New & Used Mercedes-Benz CLS Class: In Depth
2015 Mercedes-Benz CLS63 AMGEnlarge Photo
Shopping for a new Mercedes-Benz CLS Class?
GET A FREE PRICE QUOTE
The Mercedes-Benz CLS-Class is a coupe-like spin-off from the German automaker's globally known E-Class family. With a choice between basic V-6 and supercar-strength twin-turbo V-8 in the CLS 63 AMG, the sedan is a rival for vehicles like the Audi A7, Jaguar XF, and BMW 6-Series.
MORE: Read our 2015 Mercedes-Benz CLS-Class review
Completely redesigned in 2011 as a 2012 model--including an AMG model at launch--the CLS Class still rides atop the same architecture, but has grown a bit longer, though passenger space is about the same, and trunk space a bit reduced. The shape's even more dramatic than before, with the blocky, masculine front end now common on the Mercedes lineup fitted to a body with more crests and curves than ever. The ponton flares stamped into the rear quarter panels are especially distinctive, while the heavy-lidded taillamps may be the least inspiring detail. The new CLS interior is positively bejeweled with chrome trim, and encased in wood or aluminum trim, depending on the model.
With its more aggressively arched roofline and more flowing design, the CLS appeals to those who want a little more versatility for carrying backseat passengers compared to the Mercedes-Benz CL-Class coupes. But it's still a little tight inside: the lower roof trims headroom, especially in the snug-fitting back seat.
When the second-generation CLS was first offered in 2012, it was available with a choice of three powertrains. The CLS 550 used a downsized 4.6-liter V-8 good for 402 horsepower and matched to a paddle-shifted seven-speed automatic. It was capable of a 5.0-second 0–60-mph time and a 130-mph top speed. It was also offered with all-wheel drive, as the CLS 550 4MATIC.
The performance version, the CLS 63 AMG, fits a 5.5-liter twin-turbo V-8 and a seven-speed dual-clutch transmission under the polarizing body, for up to 585 horsepower, a 0-60 mph time of as low as 4.3 seconds, and a top speed as high as 186 mph.
For 2013, a new telematics system called mbrace2, was fitted to the CLS, bringing with it apps capabilities including Facebook, Yelp, and more, plus remote vehicle access and diagnostics, and an mbrace Concierge service that helps customers to book airplane tickets, make dinner reservations, and more.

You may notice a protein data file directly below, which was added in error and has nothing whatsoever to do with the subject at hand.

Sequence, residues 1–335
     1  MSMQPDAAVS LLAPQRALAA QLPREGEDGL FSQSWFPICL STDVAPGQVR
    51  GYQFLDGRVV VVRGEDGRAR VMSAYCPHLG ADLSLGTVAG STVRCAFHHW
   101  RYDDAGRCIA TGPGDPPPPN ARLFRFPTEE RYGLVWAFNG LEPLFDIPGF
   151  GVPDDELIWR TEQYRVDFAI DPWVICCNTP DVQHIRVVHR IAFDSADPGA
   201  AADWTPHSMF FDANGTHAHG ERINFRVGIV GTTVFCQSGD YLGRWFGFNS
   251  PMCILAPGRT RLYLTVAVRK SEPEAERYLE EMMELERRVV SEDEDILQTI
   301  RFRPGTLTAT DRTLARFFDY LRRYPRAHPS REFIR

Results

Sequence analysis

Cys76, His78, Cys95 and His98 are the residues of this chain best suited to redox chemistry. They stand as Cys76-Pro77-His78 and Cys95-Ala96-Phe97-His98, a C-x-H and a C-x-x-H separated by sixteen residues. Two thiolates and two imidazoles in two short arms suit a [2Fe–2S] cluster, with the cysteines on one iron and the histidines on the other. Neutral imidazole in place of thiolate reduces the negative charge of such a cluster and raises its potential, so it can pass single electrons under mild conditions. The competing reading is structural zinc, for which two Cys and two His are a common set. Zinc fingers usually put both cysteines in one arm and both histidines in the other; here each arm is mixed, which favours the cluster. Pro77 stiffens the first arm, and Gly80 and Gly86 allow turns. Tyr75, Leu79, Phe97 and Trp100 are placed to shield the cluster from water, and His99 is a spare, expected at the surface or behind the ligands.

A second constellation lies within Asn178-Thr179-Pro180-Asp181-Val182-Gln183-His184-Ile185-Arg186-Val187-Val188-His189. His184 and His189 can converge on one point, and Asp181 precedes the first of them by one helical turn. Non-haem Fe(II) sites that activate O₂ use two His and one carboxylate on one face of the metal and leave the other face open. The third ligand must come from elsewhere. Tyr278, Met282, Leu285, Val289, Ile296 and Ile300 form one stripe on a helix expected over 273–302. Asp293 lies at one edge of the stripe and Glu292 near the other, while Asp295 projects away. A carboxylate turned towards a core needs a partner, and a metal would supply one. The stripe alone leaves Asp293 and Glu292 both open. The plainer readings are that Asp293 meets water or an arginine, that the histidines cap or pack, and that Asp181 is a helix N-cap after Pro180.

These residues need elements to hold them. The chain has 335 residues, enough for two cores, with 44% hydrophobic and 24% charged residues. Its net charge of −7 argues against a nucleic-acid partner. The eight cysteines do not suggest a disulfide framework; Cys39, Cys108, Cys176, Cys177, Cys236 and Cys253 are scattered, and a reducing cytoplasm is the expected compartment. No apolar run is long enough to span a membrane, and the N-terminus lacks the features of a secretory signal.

In the 2015 model year, the CLS was updated with a new front end, one that's less busy and more subtle than its predecessor. The cabin also has been updated with the latest, cleaner Mercedes themes.
There are also several powertrain updates for the 2015 CLS. Mercedes has added a CLS 400 model, which uses its new twin-turbocharged V-6, good for 329 horsepower and 354 pound-feet of torque. The rear-drive CLS 550 gets a new nine-speed automatic transmission, which will see expanded use in other CLS models and the rest of the Mercedes-Benz lineup very soon.
On the other side of the technology front, the 2015 Mercedes-Benz CLS-Class offers a host of entertainment and information features, such as the COMAND Online system, operated through the central eight-inch color high-resolution display. From internet surfing while the vehicle is stationary to one-the-go Bluetooth streaming, weather, Google Local Search, StreetView, and more, the COMAND Online system, especially in conduction with Mercedes-Benz Apps, offers much for the tech-head to love.
Mercedes-Benz CLS history
The first-generation CLS-Class was sold from the 2006 to the 2011 model years in the U.S. This version set the pace for "four-door coupes," with radically swoopy, curvy, and coupelike lines that weathered well over its life cycle. Inside, the first-generation CLS instrument panel was much like that elsewhere in the Mercedes lineup. The roofline's aggressive tapering drew the biggest contrast with the E-Class, diminishing back seat space in the name of style. Instead of a conventional bench seat in back, Mercedes-Benz installed two bucket seats that were comfortable for smaller adults, but lacking in headroom for larger adults. Rearward visibility proved difficult too, thanks to thick roof pillars and smaller windows.
The first CLS was built on most of the same mechanical underpinnings as the pre-2010 Mercedes-E-Class sedan. It was introduced as a CLS500 or CLS55 AMG—the CLS500 including a 302-horsepower, 5.0-liter V-8, the latter a 469-hp, 5.5-liter V-8. In 2007, those models were replaced by the 391-hp, 5.5-liter CLS550 and the 507-hp, 6.3-liter CLS63 AMG. Any of these models have the capability to accelerate confidently and smoothly from any legal or extra-legal speed and come with a responsive seven-speed automatic transmission.
AMG models come with paddle-shifters and are sport-car quick; the CLS63 AMG can get to 60 mph in less than 4.5 seconds. In any of these versions, fuel economy is unimpressive—low teens in the city, mid to upper teens on the highway. Overall, the CLS rides and handles more like a luxury car than a performance sedan; despite an air suspension in most versions, there's quite a bit of body motion if you try to drive the CLS quickly. The CLS63 AMG version handles considerably better, without riding any worse.
Powertrains aside, the CLS-Class changed very little from its 2006 introduction through the 2011 model year. The model got an updated grille, new wheels, and a few other small changes for 2009, along with the latest version of Mercedes-Benz's COMAND navigation and entertainment interface. Interior appointments are excellent in this generation, with more colorful and daring interior themes than M-B used in its other vehicles.